Dozens of Bunchrew commuters have been stuck in traffic for hours due to the closure of the only road connecting the village with Inverness.
Locals have been stuck in traffic for a second day in a row after the works at the Bunchrew level crossing on the Far North Line began on Sunday.
Network Rail is upgrading the Bunchrew level crossing, which will not reopen until 09:00 on Sunday, November 19.
Consequently, Englishton Muir road, the only road in and out of the village, has been fully closed, with access only being permitted for emergency vehicles.
On the mornings of Monday and Tuesday, primary and secondary pupils going to school as well as people travelling to work in Inverness were severely affected.
Some drivers from the community, which is about a 15-minute drive from Inverness, were caught in traffic for up to two hours.
It seems that a number of residents only found out about the engineering work when heading out of Bunchrew on Monday morning.
Network Rail apologises for the inconvenience in Bunchrew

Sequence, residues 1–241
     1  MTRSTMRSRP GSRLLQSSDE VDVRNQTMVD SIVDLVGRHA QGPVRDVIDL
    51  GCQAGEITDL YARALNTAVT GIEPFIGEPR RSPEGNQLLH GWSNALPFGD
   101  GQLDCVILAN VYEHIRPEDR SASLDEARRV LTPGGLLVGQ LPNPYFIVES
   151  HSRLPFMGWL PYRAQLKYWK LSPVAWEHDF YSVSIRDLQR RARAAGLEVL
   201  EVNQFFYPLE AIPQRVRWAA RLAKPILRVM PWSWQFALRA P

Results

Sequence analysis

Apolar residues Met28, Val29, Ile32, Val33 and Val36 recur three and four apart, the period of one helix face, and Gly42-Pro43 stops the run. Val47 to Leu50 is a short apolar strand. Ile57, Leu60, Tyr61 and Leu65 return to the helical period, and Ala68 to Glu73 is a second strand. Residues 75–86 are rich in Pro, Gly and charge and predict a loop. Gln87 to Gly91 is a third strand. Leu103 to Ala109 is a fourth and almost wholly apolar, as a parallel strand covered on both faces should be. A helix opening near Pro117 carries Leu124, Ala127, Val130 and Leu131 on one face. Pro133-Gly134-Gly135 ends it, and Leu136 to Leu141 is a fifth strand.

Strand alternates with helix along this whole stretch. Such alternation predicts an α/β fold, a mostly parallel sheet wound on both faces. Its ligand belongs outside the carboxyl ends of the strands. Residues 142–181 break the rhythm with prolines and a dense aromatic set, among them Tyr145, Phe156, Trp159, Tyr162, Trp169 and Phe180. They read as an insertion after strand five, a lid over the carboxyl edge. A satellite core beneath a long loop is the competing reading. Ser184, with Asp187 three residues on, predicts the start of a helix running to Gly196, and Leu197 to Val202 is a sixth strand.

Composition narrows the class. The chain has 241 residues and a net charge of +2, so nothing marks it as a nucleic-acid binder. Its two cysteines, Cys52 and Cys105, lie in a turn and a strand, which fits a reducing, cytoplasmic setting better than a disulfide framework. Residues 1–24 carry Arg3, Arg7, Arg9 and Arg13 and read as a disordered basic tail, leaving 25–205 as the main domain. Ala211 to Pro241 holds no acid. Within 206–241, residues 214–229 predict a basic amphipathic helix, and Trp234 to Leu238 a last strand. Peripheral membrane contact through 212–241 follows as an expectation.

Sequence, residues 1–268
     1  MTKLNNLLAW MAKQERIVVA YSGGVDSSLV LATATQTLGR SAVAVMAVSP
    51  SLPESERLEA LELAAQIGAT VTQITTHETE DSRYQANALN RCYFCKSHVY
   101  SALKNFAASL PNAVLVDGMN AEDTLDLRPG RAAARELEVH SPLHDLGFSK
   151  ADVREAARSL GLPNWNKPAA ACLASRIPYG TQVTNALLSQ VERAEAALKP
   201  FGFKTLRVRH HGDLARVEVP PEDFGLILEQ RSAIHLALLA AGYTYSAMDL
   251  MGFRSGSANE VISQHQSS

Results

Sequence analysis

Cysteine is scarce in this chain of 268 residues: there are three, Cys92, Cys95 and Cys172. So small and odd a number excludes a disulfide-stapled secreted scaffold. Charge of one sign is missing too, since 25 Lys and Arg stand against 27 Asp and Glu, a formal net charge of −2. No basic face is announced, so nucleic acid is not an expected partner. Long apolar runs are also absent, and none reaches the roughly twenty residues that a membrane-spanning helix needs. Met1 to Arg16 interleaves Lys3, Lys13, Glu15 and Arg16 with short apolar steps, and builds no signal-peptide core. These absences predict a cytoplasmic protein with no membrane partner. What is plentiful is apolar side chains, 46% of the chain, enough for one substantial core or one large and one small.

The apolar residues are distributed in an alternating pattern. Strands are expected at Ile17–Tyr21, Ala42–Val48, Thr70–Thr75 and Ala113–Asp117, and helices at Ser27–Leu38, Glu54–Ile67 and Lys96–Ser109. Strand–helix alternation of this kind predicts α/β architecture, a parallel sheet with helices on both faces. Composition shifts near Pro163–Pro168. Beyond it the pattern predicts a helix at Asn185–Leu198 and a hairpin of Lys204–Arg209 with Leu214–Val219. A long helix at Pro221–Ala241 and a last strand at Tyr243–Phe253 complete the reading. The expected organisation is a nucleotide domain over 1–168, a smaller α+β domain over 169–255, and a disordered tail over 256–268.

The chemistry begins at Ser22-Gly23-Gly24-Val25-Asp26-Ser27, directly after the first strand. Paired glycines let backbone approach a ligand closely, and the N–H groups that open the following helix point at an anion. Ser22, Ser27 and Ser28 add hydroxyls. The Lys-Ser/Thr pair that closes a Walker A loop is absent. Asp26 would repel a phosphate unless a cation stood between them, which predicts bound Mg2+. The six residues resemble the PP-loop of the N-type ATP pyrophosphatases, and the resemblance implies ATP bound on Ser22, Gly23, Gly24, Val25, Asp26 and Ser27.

Network rail has apologised for the trouble caused by the upgrade works that are being carried out at Bunchrew level crossing.
A Network Rail spokesperson said: “We apologise for the inconvenience this work will cause and thank everyone for their patience and understanding.
“Our work to upgrade the Bunchrew level crossing is essential to help keep the railway and road users safe.”
The crossing is open during certain times, and outside of the arranged crossing times, we’ll work to allow those needing access to cross when possible.”
Why is work being carried out at Bunchrew level crossing?
Network Rail is investing £1.2m in the Bunchrew level crossing, which will be made safer by replacing the current equipment before it reaches the end of its working life.
The new level crossing will operate in the same way for users at Bunchrew and will now link into the railway’s signalling system.
In addition to the engineering upgrade, Network Rail will also install new anti-trespass guards and repaint the current road markings to improve safety at the crossing.
Lee Ross, Infrastructure Maintenance Delivery Manager for Network Rail, said: “Replacement and upgrade will ensure the crossing remains safe and operates as designed and the safest and quickest way to do what is needed is to close the road.”